Kevin Friend Which Teams Do Premier League Referees Support

Kevin Friend has refereed 17 Premier League matches this season, showing 52 yellow cards and three redThe fallout over referee Jon Moss’ performance in Leicester’s 2-2 draw against West Ham took attention away from another officiating talking point.

Instead he will be in the middle of Manchester City’s trip to Newcastle on Tuesday night.

But how does a referee’s home town, or who they support, affect which games they are actually allowed to officiate?

(Compiled by BBC Sport)Referee, home town/countySupportsInteresting notesMartin Atkinson, BradfordLeedsLeeds games 0; Bradford games 0Stuart Attwell, NuneatonLutonCoventry games 0; Aston Villa games 0Mark Clattenburg, County DurhamNewcastleNewcastle games 0; Sunderland games 0Mike Dean, Wirral, lives north WalesTranmereEverton games 2; Liverpool 1; but none since being removed from 2006 FA Cup finalRoger East, WiltshireUnknownSwindon games 5Kevin Friend, Bristol, lives in LeicestershireBristol City and LeicesterLeicester games 0; Bristol City games 7Simon Hooper, WiltshireSwindonAn ex-Swindon academy player. Swindon games 0Mike Jones, ChesterChesterFree to referee any Football League gameRobert Madley, WakefieldHuddersfieldHuddersfield games 0; Leeds 1; Bradford 1Andre Marriner, BirminghamAston VillaVilla games 0; Birmingham 0; West Brom games 2Lee Mason, BoltonBoltonBolton games 0Jon Moss, SunderlandSunderlandEx-youth player at Sunderland and Millwall – has never refereed either team. Newcastle games 1 (Championship, 2009)Michael Oliver, AshingtonNewcastleNewcastle games 0; Sunderland 0Craig Pawson, South YorkshireSheffield UnitedSheff Wed games 0; Sheff Utd 0; Rotherham 0Graham Scott, OxfordSwindonSwindon games 0; Oxford games 0Keith Stroud, DorsetLutonSouthampton games 4; Bournemouth 6; Luton games 0; Portsmouth 0Neil Swarbrick, PrestonPrestonPreston games 0Anthony Taylor, Wythenshawe, Greater ManchesterAltrinchamMan Utd games 12 and Man City games 11Paul Tierney, WiganWiganWigan games 0Notes refer to entire career statisticsDo referees have to say who they support?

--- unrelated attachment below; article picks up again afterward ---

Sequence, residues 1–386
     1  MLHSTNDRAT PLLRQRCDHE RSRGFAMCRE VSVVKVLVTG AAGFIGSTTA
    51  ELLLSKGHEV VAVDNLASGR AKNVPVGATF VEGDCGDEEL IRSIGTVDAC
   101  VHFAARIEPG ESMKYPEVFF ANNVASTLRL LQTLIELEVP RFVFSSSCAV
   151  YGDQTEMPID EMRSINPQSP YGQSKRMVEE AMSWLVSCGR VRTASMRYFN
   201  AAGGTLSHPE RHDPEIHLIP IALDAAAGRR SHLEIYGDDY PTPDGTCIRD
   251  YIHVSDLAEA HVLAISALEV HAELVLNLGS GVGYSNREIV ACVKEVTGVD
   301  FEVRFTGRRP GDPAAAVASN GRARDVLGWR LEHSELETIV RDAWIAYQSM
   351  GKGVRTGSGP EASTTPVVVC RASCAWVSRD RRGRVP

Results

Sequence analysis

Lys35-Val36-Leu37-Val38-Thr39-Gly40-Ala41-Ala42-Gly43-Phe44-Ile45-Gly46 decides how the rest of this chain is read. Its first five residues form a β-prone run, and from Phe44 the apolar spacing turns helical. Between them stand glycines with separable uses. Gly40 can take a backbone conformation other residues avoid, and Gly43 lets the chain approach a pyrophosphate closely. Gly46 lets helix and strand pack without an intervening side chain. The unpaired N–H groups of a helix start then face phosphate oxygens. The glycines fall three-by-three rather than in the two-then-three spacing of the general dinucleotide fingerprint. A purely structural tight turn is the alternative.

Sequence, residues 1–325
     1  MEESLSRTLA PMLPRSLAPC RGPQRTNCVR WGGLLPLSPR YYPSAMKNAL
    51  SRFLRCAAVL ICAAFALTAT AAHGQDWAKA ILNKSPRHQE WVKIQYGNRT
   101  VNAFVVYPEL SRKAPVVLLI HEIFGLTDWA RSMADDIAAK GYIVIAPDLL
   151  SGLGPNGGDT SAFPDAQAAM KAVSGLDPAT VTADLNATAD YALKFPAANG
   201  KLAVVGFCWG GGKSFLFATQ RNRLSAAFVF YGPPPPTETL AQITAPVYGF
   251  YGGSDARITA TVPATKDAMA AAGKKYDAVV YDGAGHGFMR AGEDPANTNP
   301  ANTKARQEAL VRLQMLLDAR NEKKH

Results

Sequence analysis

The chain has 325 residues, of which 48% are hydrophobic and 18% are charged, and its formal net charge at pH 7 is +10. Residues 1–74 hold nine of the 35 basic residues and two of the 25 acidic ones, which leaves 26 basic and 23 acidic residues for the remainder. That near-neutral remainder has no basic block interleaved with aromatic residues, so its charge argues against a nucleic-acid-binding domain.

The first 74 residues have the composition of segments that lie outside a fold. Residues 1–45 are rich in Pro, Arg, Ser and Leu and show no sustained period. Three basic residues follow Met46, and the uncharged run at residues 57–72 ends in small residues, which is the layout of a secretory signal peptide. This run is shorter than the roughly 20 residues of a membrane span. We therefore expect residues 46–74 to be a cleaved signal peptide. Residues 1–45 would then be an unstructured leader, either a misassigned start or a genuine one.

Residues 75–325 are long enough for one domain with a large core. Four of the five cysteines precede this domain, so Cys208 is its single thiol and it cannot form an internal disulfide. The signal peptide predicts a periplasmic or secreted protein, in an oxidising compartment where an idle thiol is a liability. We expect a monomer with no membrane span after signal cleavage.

Yes. And referees will not get appointed to the clubs they support.

“At the beginning of every season the referees’ background information is audited,” said Keith Hackett, the former head of Professional Game Match Officials Limited (PGMOL), the organisation that makes refereeing appointments for Premier League games.

“They complete a form that includes who they support, the history of if they’ve played the game and with the addresses where they are residing.

“That gives you a picture that comes into use when you’re appointing. It’s about ensuring, for example, you wouldn’t appoint a Sheffield-based ref for a Sheffield team.”

BBC Football Daily: The Premier League’s best action as Spurs sparkle at StokeBBC Sport has not seen an official record of referee’s allegiances, one of several factors considered when officials are selected for matches.

Former Premier League referee Mark Halsey added: “I was never able to referee Bolton because I lived there. If you lived in Leeds, you weren’t going to referee Leeds United. ”

What is the official line?
PGMOL says the process behind referee selection is all about avoiding “unnecessary extra external pressure and scrutiny on referees” in what is an “already a high pressure and demanding job”.